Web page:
"かいしゃをまだやめないでください。"

Translation:Please do not leave the company yet.

June 14, 2017

22 Comments


https://www.duolingo.com/profile/LinguDemo

Said the desperate boss to the worker who's had enough.

June 14, 2017

https://www.duolingo.com/profile/V2Blast

Sounds like my last boss...

August 27, 2017

https://www.duolingo.com/profile/ambrose483

やめる is to quit.

June 21, 2017

https://www.duolingo.com/profile/Tobi954423

Not only. In my dictionary it is defined in this order: to resign, to retire, to quit, to leave. Words often have more than one translation, we choose the ones that fits best in the context. In this case "to leave the company" is a better translation.

July 18, 2017

https://www.duolingo.com/profile/victoriawl93

Quit working, but leave a company

June 23, 2017

https://www.duolingo.com/profile/zanzaboonda

Helpful, thanks!

August 24, 2017

https://www.duolingo.com/profile/No--One

The やめる in this sentence is 辞める, which means: to resign; to retire; to quit; to leave (one's job, etc.)

The やめる in most other sentences in this course is 止める, which means: to stop (an activity); to cease; to discontinue; to end; to quit​; to cancel; to abandon; to give up; to abolish; to abstain; to refrain.

The kanji makes them easier to distinguish, but I doubt native Japanese speakers would be too confused if you used the latter in place of the former.

November 6, 2017

https://www.duolingo.com/profile/CorneliaXaos

I just realized this.. I really, REALLY wish there was a way to tell Duolingo to always use kanji.. and give us some furigana..

August 6, 2019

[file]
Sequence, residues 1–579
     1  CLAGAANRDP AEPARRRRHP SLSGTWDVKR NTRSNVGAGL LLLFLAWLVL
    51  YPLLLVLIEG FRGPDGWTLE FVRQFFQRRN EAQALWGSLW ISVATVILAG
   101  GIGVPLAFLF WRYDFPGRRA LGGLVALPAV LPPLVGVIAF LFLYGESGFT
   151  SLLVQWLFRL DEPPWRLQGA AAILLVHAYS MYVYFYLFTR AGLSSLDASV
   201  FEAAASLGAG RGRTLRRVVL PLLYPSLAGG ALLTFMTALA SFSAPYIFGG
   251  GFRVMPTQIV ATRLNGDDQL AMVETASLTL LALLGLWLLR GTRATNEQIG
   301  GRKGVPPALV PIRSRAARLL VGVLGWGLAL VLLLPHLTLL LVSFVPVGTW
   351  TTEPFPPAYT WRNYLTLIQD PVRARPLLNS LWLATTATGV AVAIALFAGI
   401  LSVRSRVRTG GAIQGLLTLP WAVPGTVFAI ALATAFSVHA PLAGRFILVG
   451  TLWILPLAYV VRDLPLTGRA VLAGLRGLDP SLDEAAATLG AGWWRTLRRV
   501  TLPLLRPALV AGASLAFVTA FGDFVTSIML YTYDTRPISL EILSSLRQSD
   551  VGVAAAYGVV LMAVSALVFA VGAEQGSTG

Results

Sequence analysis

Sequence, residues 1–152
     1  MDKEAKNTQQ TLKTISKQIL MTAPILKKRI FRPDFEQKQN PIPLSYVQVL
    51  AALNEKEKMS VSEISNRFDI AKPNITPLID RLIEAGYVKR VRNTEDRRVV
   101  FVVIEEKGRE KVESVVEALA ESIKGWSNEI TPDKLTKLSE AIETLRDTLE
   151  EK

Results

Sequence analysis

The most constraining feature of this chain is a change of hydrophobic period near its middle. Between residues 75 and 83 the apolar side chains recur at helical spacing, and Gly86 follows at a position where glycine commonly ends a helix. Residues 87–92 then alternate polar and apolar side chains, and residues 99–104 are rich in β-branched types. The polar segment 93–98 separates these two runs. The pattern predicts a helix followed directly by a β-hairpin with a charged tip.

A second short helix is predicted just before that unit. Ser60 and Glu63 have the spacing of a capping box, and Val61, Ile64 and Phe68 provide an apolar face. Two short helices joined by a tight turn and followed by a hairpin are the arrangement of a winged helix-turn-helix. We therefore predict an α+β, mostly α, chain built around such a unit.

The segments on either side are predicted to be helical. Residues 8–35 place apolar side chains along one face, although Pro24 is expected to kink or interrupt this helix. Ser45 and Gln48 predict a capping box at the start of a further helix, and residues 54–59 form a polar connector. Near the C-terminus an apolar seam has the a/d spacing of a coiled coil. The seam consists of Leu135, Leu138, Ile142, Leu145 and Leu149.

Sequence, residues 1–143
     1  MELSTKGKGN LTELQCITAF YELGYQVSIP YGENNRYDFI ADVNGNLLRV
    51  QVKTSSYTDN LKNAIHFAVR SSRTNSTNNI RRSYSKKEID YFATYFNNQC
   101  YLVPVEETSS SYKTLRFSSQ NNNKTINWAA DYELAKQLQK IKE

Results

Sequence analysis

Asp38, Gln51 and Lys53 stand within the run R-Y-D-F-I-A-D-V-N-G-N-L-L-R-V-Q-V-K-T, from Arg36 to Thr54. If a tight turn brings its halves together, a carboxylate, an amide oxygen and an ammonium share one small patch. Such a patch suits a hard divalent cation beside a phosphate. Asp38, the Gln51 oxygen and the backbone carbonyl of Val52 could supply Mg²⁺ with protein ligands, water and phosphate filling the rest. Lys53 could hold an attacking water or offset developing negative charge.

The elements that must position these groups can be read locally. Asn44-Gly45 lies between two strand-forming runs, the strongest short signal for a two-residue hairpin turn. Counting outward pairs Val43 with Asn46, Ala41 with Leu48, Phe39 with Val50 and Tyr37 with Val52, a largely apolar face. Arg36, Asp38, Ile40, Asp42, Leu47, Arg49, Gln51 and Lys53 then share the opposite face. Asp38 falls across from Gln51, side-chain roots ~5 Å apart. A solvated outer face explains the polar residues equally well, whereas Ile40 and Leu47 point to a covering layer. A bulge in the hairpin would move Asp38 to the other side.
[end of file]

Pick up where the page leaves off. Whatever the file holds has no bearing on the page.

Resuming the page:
https://www.duolingo.com/profile/AdrianWill829460

"Please do not quit the job yet" was OK. Wipes sweat from brow

August 15, 2017

https://www.duolingo.com/profile/arcferrari248

会社をまだ辞めないでください。

January 11, 2018

https://www.duolingo.com/profile/MMontgomer

Why wouldn't office work here?

December 1, 2017

https://www.duolingo.com/profile/DanM37528

Used office instead of company and think it should be accepted... But it isnt.

March 13, 2018

https://www.duolingo.com/profile/BraisedPorkBelly

...until I find a replacement.

May 25, 2018

https://www.duolingo.com/profile/Rick728526

Ok please give me a raise

May 7, 2019

https://www.duolingo.com/profile/Kigamoosh

Can this be interpreted in a non-permanent sense (as in to leave for the day, not necessarily quitting)?

November 13, 2017

https://www.duolingo.com/profile/lerosbif

I think やめる is specifically used when permanently stopping. Certainly with the kanji 辞める, it means to quit/retire from a role.

May 13, 2018

https://www.duolingo.com/profile/stevrn4

"Please don't quit work yet" is wrong?

June 26, 2017

https://www.duolingo.com/profile/Drewgon1

It's okay, but sounds a little unnatural (in my opinion as an American English speaker). "Please don't quit your job yet" would be the most natural sounding translation that keeps やめないで as "don't quit", but it loses a lot of the original sentence. (eg. adding "your" and swiching "company" to "job") I think their translation is the most natural sounding while minimizing changes to the sentence.

June 26, 2017

https://www.duolingo.com/profile/V2Blast

会社 (かいしゃ) specifically refers to a company/business/firm, not "work" in general.

August 27, 2017

https://www.duolingo.com/profile/James151779

I put the same thing (and got counted wrong). I fully agree that there is a distinction in meaning between "Please don't hand in your letter of resignation" and "Please stay late and work some more hours without extra pay."! But without more context, it seems like Duo is asking a lot of us to distinguish between the two concepts. Lerosbif said above that やめる means to quit permanently - an important distinction - but Duo and the hints do not provide us that information.

October 13, 2018

https://www.duolingo.com/profile/Jobbers

If かいしゃ is the whole company, what word describes "the office", ie the physical location where you have desks and water coolers and all that?

July 6, 2019

https://www.duolingo.com/profile/lerosbif

事務所 じむしょ

Office. (literally "work duties location").

July 6, 2019
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